Dear Sir,

I wish to comment on a recent item “Councillor’s Bedroom Tax Proposal Rejected.” He stated “We do not know where those 1282 displaced households have gone.”

While I was not one of the 1282 I would have made it 1283. As to no one moving directly because of the Bedroom Tax, County Durham have that wrong as well. There might be others besides myself who left just ahead because of the change. As to the £14 a week mentioned – that was a lot less than I was facing.

I was in a two bedroom house and changes meant I was about to drop to a “one bedroom in use” situation. I enquired and was told that for my house in Newton Aycliffe I would have to pay £19.75p a week for the one empty room.

At the time I had been receiving money that was also going to stop due to changes. What happened in my situation and likely others, is that if I had stayed I would have lost around £80.00 a week and then have to find £19.75p, hence a loss of about £100.00 a week which was just over half of my income.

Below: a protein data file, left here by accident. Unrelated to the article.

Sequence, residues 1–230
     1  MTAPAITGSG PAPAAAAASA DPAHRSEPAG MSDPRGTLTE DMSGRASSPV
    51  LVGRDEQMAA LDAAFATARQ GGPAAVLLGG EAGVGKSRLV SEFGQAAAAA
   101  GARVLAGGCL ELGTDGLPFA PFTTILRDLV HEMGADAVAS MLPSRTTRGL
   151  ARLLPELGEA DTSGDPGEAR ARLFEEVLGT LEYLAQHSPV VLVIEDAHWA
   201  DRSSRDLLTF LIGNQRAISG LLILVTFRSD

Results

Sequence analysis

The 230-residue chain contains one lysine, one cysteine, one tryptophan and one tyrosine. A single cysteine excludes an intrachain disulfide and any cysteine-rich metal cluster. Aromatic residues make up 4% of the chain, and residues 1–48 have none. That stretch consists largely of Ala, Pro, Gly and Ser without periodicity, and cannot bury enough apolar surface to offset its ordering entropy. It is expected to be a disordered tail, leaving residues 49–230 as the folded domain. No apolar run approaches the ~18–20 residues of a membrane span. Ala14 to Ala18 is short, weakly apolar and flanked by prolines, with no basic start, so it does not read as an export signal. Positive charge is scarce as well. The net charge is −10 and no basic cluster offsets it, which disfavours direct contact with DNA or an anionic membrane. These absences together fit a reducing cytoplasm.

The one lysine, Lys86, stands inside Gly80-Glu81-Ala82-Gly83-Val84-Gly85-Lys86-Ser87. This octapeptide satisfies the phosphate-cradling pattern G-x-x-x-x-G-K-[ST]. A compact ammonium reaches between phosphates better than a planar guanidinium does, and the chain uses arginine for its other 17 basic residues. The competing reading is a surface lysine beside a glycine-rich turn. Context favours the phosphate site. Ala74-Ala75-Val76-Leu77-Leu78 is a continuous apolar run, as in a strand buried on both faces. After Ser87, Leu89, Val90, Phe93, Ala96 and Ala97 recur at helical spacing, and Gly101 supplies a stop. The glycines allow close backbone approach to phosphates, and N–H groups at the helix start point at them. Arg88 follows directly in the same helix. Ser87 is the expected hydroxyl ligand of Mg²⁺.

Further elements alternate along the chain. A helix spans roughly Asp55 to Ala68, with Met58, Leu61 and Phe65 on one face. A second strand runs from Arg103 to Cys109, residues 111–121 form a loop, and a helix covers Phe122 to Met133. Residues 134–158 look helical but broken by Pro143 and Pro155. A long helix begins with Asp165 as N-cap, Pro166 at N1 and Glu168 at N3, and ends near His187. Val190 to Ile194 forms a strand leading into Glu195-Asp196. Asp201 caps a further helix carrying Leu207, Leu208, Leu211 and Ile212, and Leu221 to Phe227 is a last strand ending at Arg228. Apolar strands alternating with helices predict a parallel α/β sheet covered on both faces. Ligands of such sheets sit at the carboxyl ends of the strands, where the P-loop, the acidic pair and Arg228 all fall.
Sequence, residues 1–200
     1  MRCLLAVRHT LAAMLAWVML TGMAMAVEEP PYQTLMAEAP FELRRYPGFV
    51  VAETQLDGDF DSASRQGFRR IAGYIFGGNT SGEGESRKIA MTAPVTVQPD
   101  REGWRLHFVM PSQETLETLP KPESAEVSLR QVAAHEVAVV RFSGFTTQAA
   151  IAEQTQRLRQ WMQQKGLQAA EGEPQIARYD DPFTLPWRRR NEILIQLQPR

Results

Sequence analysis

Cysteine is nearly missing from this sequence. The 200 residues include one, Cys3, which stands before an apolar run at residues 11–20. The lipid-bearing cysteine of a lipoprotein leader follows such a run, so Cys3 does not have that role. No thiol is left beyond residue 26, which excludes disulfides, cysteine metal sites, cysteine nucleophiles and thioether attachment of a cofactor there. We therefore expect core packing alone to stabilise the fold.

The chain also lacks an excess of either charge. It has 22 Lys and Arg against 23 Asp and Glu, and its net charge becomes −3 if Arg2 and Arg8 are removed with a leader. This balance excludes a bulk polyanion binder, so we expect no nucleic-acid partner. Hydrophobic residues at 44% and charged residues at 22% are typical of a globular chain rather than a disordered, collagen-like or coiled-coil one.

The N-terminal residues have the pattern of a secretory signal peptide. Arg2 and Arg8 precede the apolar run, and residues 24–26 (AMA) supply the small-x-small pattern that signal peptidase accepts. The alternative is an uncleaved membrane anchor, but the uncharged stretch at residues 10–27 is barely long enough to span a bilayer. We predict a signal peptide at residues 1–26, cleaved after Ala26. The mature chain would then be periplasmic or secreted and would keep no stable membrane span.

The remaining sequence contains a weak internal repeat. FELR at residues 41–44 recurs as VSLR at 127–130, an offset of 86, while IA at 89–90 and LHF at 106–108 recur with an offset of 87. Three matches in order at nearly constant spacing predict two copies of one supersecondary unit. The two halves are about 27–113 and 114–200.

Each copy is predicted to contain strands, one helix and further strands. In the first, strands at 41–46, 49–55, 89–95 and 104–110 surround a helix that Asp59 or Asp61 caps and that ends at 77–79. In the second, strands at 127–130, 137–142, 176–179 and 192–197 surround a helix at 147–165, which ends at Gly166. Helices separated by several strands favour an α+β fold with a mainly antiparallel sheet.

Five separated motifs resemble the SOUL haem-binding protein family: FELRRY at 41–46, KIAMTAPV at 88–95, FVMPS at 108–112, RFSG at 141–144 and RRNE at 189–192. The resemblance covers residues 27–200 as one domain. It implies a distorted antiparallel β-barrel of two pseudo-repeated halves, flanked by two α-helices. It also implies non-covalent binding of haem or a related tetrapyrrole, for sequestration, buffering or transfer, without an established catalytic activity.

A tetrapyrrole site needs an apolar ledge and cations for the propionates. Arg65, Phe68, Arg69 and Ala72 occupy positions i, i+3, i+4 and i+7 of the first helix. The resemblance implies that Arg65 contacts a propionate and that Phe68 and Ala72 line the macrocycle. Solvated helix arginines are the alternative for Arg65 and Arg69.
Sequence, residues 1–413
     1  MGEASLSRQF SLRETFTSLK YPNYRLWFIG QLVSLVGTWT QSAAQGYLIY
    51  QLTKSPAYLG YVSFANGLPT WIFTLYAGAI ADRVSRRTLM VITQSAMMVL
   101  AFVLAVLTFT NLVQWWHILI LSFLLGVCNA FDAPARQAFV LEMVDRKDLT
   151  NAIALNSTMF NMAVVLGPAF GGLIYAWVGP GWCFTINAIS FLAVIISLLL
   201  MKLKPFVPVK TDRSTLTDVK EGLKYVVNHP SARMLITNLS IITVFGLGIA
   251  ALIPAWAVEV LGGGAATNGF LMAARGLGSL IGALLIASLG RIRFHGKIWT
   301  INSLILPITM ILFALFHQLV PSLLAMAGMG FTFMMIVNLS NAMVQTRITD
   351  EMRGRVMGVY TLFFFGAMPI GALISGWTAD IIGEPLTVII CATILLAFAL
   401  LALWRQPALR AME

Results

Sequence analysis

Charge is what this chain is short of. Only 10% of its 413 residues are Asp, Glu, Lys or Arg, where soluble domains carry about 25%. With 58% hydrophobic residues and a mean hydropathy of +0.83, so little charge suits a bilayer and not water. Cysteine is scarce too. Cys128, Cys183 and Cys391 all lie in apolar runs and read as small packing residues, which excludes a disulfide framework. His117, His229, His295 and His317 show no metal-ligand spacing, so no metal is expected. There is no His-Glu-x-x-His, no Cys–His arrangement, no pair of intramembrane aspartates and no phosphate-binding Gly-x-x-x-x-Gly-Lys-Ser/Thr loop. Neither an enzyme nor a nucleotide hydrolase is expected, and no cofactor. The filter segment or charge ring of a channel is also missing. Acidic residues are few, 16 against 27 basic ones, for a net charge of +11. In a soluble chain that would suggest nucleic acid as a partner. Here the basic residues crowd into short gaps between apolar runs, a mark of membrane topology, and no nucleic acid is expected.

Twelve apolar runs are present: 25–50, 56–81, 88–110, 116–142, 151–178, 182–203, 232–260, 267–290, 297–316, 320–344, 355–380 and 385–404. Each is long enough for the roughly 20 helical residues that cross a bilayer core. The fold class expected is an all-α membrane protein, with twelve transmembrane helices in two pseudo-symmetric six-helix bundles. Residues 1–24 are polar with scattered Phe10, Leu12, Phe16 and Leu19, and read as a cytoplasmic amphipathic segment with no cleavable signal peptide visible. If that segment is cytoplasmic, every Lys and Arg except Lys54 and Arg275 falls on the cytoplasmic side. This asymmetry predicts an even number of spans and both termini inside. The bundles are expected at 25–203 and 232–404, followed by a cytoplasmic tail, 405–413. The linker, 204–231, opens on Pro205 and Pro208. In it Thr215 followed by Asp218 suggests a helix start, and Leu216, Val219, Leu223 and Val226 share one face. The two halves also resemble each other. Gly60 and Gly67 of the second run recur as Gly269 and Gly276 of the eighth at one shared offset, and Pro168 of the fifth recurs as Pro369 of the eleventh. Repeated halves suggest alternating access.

To reduce this loss I was forced to move to a much smaller house in a nearby town, saving the £19.75p. (I still went out my way to obtain the Newton News).

When people are able to work (subject to disabilities) the more one earns the more tax they pay on their income. In this situation had I no changes I would keep more money and pay no Bedroom Tax.

But the way it worked I lost money and then had to pay it as well. Yet when such a cut comes and money is tied up in things you have and/or run, something has to give.

I was forced out due to the Bedroom Tax after about 10 years in my home, but I have become a non-statistic due to moving ahead of the change, so the figure is likely to be higher than was stated.

It appears now that Housing Associations are having problems getting rid of property because people do not want homes that will involve much larger costs. We also have to consider moving every time our family circumstances change, up or down, in numbers.

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